An increased presence of catalyst fines in VLSFO is anticipated for some fuel suppliers or in some regions. Heavy-cycle fuel oil from a catalytic cracker has low sulfur content and is expected to be blended into low-sulfur fuel oils. Fuel purifiers will need to be appropriately operated and settling tanks to be drained of bottom contaminants at proper intervals to remove catalyst fines effectively. Rough weather and high seas can entrain tank sediment, and special attention to purification will be needed under these conditions. Fuel filters may also need more frequent cleaning and maintenance.

Fuel Handling and Processing

The HFO handling and processing systems onboard ships may require some modifications beyond the need for additional fuel storage tanks to separate different fuel chemistries. It could include the addition of a chiller, which might be needed to increase the viscosity for some lowest viscosity fuels. Since VLSFO may contain catalyst fines, the fuel cleaning system will need to be effective for a wide spectrum of fuel viscosities. Water will need to be removed, and surfaces cleaned. It would minimize the risk associated with microbially induced corrosion (MIC) with more paraffinic fuels. The use of biocide fuel additives and inspections might become more frequent as a result.

Fuel switchover from distillate to HFO or VLSFO when exiting an emission control area will require a careful operation to mitigate potential compatibility issues. It is recommended that a small mixing tank be employed to assess compatibility when conducting a switchover operation. It would minimize risk. When switching from distillate to a high-viscosity fuel, it is vital to keep the rate of temperature increase low to protect fuel system components. Switching from heavy fuel to a distillate fuel (such as marine diesel oil or marine gas oil) might require a controlled slowdown. In both instances, leak checks and operation of the fuel pumps will need to be monitored to ensure smooth operation.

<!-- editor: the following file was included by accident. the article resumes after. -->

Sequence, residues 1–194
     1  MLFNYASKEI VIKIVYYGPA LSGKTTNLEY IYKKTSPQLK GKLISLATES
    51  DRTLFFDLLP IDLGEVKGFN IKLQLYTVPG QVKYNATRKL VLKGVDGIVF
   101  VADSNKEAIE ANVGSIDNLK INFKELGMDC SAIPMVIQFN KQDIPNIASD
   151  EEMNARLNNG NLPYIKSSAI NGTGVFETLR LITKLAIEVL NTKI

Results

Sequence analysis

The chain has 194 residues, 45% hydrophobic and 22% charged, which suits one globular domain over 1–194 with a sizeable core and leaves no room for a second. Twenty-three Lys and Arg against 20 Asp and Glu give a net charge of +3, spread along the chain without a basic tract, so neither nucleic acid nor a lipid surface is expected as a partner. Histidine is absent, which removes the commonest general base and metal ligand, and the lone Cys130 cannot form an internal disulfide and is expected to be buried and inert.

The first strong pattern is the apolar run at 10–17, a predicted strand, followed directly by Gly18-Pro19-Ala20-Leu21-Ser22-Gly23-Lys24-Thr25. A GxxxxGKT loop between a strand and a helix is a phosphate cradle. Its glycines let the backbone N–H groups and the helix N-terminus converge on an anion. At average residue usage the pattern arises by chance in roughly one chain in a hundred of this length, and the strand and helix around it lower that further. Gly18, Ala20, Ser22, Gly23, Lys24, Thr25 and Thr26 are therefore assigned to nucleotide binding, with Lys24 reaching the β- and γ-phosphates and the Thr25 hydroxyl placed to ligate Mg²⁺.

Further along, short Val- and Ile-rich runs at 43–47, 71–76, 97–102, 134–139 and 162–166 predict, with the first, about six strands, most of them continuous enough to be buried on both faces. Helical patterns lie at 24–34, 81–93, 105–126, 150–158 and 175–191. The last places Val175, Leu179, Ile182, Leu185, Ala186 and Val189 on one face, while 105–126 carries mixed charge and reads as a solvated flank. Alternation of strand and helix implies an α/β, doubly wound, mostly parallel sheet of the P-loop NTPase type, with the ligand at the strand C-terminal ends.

Corrosion and Wear

With most ships featuring crosshead engines switching to VLSFO, a shift away from rapid cold corrosion risk is expected. However, the potential for MIC may be increased for fuels with high paraffin content. MIC can be mitigated by maintaining cleanliness, removing standing water, and biocide treatments. Another area of concern with VLSFO use is the greater risk of deposit-related problems from both excessive bases in cylinder lubrication oil (CLO) or a lack of detergency. New operating procedures concerning cylinder lubrication may be required, and new developments in CLO formulation are forthcoming.

It may be beneficial to have more varieties of CLO available onboard. Hard deposit formation on the piston or rings can negatively affect the lubricating film by causing bore polishing and interfering with rings and the CLO film on the cylinder liner. One approach being considered to mitigate this effect is to intermittently use a lower base number CLO to prevent hard deposits and to allow slight beneficial corrosion of the liner surface to open the graphite lamella structure, which provides oil pockets to maintain a good oil film.

The economics of shipping will be changed and challenged by the switch from HFO to VLSFO. This transition will not be seamless, and problems are likely to be encountered due to different fuel chemistries and improper lubricant selection or management. Fueling protocols may need to be recalibrated to ensure that problems are prevented or mitigated. Capital investments to make ships perform better with VLSFO will be made by some but resisted by many because of challenging economics. The most successful ship operators will be those who undertake great diligence and understand the potential problems and solutions.